We also know agents are 50 percent of total contact center costs. And that puts agents in the cross-hairs when you're optimizing operations.
So when we blogged about a 29% cost reduction through the use of chatbots and other smart technologies, it raised a deeper question.
Are Human Agents Required for Digital Engagement?
To answer that question, we looked at a recent Verint study that suggests that when it comes to customer service, good old-fashioned human interaction may still be best.
Companies are providing consumers with increasingly sophisticated digital tools to service the customer through all phases of their journey. Despite these investments in digital engagement, 52 percent of U.S. adults are likely to abandon their online purchases if they cannot find quick answers to their questions, according to Forrester.
The Verint survey of 24,000 consumers in twelve countries showed that all consumers, even digital natives, prefer more human interaction when it comes to customer service. The research indicates that organizations that rely too much on digital channels risk missing out on ongoing and meaningful relationships with customers.
Customer Care in the Age of Digital Engagement
Several findings from the survey are particularly important for customer care in the age of the consumer:
Consumers who receive more “human” customer service display more positive behaviors toward brands
Providing a strong customer experience correlates to consumers displaying positive and valuable behaviors towards a brand after engagement. In today’s age of social media and online reviews, this is critical.
Consumers with a good customer service experience are:
- 38 percent more likely to renew their product or service even if it isn’t the cheapest option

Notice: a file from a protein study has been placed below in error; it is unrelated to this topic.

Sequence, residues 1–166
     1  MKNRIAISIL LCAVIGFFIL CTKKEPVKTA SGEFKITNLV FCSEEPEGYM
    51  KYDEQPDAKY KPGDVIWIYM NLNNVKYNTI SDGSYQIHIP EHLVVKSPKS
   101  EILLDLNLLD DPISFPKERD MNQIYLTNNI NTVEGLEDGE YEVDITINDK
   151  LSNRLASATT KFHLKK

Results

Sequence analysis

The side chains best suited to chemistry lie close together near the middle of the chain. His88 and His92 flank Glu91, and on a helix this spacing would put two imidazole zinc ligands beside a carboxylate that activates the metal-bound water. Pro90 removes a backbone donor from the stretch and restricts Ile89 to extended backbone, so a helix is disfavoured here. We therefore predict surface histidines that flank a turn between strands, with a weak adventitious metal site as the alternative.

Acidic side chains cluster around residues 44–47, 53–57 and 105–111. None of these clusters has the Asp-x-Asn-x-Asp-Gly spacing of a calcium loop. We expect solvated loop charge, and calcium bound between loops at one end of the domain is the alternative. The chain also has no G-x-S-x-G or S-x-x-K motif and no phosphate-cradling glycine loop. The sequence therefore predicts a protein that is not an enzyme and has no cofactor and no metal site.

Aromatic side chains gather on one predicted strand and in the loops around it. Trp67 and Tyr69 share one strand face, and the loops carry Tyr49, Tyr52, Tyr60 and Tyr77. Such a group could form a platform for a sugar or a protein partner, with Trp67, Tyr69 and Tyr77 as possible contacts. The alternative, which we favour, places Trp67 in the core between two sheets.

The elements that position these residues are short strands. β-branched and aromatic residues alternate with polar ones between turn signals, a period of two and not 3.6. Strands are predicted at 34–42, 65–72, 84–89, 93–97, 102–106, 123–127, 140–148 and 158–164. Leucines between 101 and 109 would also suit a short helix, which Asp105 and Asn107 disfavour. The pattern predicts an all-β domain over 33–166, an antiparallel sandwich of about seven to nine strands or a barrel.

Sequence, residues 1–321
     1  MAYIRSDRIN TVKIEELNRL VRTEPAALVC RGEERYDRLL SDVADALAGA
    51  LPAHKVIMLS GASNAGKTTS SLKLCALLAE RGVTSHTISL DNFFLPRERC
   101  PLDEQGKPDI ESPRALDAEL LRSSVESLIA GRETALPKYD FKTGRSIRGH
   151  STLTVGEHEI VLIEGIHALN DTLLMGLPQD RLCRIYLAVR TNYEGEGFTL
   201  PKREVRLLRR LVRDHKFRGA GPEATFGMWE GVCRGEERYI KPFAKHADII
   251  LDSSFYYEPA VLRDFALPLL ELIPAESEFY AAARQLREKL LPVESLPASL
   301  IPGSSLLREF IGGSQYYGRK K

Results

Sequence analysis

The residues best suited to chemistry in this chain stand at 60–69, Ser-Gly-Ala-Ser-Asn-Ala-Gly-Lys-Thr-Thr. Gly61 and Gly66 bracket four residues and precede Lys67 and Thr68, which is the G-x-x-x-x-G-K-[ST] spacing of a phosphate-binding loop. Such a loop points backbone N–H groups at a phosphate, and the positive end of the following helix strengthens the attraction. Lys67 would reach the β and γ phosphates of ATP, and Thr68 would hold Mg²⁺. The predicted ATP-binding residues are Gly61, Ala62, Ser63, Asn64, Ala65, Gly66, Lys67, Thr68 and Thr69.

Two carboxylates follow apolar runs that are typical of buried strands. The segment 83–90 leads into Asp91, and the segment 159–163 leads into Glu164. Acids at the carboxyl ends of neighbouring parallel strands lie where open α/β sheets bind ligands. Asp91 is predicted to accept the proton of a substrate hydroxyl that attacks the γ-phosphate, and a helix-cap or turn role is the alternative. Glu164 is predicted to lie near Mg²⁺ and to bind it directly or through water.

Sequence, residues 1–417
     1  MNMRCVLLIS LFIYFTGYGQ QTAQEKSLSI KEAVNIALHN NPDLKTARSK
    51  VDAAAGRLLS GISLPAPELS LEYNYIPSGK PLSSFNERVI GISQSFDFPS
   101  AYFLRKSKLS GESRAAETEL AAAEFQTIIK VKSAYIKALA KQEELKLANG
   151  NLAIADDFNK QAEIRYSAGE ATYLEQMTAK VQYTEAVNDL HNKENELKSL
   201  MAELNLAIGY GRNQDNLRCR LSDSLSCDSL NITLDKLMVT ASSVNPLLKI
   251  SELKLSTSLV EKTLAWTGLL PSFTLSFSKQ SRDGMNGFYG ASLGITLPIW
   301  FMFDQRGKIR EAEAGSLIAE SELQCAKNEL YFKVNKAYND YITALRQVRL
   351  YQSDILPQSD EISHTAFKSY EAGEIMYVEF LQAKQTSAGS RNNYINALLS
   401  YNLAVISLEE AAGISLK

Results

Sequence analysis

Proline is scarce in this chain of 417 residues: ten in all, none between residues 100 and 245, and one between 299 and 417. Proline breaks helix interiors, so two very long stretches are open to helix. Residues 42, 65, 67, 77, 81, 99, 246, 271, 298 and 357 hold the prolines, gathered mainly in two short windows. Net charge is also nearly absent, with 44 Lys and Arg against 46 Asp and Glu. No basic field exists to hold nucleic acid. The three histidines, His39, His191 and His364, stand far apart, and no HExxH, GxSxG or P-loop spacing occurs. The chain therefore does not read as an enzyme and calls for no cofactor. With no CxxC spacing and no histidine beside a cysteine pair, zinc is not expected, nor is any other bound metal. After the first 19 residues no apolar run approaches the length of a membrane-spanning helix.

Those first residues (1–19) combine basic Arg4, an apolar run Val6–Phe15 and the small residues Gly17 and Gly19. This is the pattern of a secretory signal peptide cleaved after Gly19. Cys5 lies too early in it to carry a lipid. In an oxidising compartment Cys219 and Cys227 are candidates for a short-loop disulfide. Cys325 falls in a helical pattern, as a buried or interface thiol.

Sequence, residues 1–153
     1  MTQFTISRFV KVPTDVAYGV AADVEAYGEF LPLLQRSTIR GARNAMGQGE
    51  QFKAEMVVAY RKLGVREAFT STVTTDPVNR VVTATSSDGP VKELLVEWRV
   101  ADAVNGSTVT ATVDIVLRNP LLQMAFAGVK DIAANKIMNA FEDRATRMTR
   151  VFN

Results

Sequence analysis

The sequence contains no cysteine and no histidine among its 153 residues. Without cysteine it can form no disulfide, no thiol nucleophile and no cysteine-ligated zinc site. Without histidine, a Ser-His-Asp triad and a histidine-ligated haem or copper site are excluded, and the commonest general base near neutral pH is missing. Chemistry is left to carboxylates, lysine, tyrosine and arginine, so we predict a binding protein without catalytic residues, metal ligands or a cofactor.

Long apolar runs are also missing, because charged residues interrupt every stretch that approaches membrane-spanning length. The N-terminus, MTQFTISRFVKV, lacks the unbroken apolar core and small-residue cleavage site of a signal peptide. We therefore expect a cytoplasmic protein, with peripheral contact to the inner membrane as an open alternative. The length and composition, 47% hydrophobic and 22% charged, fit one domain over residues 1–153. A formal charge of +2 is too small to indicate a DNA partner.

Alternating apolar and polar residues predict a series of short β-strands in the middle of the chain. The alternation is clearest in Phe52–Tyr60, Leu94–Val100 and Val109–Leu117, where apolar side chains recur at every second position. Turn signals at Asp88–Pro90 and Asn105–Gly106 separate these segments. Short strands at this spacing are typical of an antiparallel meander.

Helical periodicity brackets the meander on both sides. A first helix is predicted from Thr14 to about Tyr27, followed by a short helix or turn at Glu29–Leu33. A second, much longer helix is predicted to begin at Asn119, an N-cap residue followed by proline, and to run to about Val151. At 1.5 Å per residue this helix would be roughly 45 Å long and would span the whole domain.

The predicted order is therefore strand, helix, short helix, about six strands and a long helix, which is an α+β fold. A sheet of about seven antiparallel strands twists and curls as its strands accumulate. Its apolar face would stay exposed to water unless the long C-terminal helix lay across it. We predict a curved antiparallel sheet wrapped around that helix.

- 27 percent more likely to sign up for an organization’s loyalty program
- 19 percent more likely leave a positive review
Interestingly, consumers are 57 percent more likely to do nothing following a positive experience on digital channels versus an in-person visit. Investments in that human element pay off with more valuable relationships between brands and consumers.
Consumers want a human service element as part of their buying journey
Consumers are embracing new technologies, services and experiences faster than ever before, but the digital buying journey hasn’t been embraced fully. 67 percent of consumers believe that service online and via mobile devices should be “faster, more intuitive and better able” to serve their needs.
Even with multiple channels available today, consumers still prefer traditional communication methods to interact with organizations for customer service: 24 percent of consumers want to pick up the phone and 23 percent want to go in-store for customer service. Only 3 percent of consumers want to interact via social media and 9 percent via mobile apps.
Generationally, even “digital natives” – millennials and Gen X – say that they prefer the phone and email channels. Millennials use social media more than any other generation but only 6 percent indicated it was their preferred channel for customer service.
The complexity of the request heavily influences whether a customer will choose a digital or traditional service channel
To handle simple requests, consumers (67%) tend to pick digital channels. For anything urgent, they pick the phone. Additionally, 67 percent of consumers believe it is more convenient and they have a better experience when engaging with organizations in-store and on the phone.
Interacting with a brand, particularly for more complicated purchases, requires convenience, context, empathy, emotional intelligence and an ability to process broad sets of information. This can be difficult to provide through a fully digital experience.
Rethink a 100% Digitization of Customer Service
Companies must continue to weigh the mix of digital and traditional elements offered to customers along their journey. By minimizing or removing a human customer service option altogether, organizations are missing an opportunity to provide consumers with a more efficient experience, which will lead to greater customer loyalty.
So, yes humans are required for digital customer engagement.